Why it’s so costly for departments to skimp on tactical communication
Think tactical headset first, not last, when assessing officer communications needs
Sponsored by Silynx Communications
By Yoona Ha, Police1 BrandFocus Staff
What do the most effective law enforcement officers have in common? If you ask the experts, the answer is quite simple: They understand that the best policing happens between the ears.
It’s easy for us to take hearing for granted, but it’s really hearing and listening that drives the decisions we make as police officers. So it makes sense that researchers have also found that departments that equip their SWAT officers a solid tactical communications system that includes high functioning headsets have a significant tactical advantage. Moreover, the risks of injury or death even in situations that are physically and psychologically distressing are significantly reduced.
Yet departments still spend relatively little money—or spend no money, expecting the officer to purchase the headsets out of their own salaries—in buying headsets, the crucial line of communication for officers, despite the value it brings to officers. In other words, equipping a tactical officer with a radio without a headset is like giving an officer handcuffs without the keys.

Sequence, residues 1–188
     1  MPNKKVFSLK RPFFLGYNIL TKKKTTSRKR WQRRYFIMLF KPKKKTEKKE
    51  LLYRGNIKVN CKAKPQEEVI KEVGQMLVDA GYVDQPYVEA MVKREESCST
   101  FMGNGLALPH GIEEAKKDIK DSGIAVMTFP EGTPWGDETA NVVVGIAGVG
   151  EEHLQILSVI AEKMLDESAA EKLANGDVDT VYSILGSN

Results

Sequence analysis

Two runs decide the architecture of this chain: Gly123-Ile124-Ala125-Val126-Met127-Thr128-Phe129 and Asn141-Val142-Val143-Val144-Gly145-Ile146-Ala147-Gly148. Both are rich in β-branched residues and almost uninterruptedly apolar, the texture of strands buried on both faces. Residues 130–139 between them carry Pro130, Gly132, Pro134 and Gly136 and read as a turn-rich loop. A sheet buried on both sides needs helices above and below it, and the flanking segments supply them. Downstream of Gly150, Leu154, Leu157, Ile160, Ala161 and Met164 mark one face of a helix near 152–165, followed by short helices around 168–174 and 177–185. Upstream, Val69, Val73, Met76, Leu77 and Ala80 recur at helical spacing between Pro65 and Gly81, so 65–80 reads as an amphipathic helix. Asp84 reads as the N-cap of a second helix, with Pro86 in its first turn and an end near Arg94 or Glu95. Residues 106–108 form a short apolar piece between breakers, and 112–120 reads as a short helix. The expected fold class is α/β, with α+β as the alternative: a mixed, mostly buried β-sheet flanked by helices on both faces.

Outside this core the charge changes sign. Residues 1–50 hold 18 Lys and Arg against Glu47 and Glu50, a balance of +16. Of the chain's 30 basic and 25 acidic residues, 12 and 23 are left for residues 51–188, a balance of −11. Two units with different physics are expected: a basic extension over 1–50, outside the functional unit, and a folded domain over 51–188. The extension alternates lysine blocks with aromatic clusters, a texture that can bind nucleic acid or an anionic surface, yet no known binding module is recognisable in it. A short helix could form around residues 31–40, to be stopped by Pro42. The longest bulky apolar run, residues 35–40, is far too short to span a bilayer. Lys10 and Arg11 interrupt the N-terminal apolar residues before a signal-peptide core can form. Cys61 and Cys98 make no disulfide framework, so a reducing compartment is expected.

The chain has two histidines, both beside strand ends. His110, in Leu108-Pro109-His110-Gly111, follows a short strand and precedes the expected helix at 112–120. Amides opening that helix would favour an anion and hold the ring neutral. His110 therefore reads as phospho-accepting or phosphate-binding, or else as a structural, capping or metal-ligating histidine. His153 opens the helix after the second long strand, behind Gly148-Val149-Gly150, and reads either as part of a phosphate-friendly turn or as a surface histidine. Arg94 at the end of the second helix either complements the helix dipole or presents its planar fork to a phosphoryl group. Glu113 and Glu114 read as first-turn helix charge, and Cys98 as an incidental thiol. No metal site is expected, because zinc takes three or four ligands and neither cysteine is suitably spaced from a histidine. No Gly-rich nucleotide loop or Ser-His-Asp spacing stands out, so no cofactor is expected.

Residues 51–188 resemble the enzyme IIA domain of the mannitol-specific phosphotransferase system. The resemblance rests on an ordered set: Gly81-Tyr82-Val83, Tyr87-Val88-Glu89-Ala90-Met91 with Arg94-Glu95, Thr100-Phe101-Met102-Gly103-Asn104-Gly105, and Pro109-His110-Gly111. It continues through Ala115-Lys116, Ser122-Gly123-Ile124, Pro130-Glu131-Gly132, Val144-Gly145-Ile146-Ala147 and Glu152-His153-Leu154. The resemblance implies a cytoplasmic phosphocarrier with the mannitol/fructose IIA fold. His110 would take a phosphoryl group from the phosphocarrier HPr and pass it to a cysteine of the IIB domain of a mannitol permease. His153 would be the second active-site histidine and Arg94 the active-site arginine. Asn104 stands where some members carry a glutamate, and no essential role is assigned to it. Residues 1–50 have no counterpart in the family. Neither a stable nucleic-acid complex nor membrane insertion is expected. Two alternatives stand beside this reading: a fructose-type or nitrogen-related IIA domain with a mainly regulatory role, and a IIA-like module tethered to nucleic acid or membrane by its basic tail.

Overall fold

Having a tactical communications system with a high-quality headset like the CLARUS XPR is essential to ensuring officers respond to the 21st-century demands of the communities they serve.
The risk of low-quality headsets for critical operations
Police work will always be dangerous. Whether you’re dealing with a hostage standoff or responding to call involving a barricaded gunman, you’ll always find yourself in need to clearly communicate with other officers. Hopefully, you’ll go through your career never needing to discharge your firearm or take fire from an active shooter, but you will always communicate.
Knowing you will use it every operation, would you really want to take the chance of relying on low-cost headsets that may malfunction when you most need it?
“It’s a fairly common oversight that departmental funding isn’t allocated toward that one piece of gear that is used for that one task is accomplished during 100 percent of operations and is critical to mission survival,” said Matthew Hemenez, a former telecommunications officer in the U.S. Marine Corps, who now works as the CEO of Silynx.
Convinced that a headset is critical to operational success?
As the recent shooting at Stoneman Douglas High School demonstrated, a broken communication system can hinder officer effectiveness and response levels. When it comes to police operations, the ability to communicate effectively is key to the success of your mission. In response, companies like Silynx have found ways to make this task easier for officers by focusing on ways to develop headset systems that don’t compromise quality for convenience and comfort.
For instance, Silynx has developed tactical headsets that can integrate with cellphones in addition to radio communication. This is an especially helpful solution for departments that would like to have the flexibility of having officers use both two-way radios and cellphones.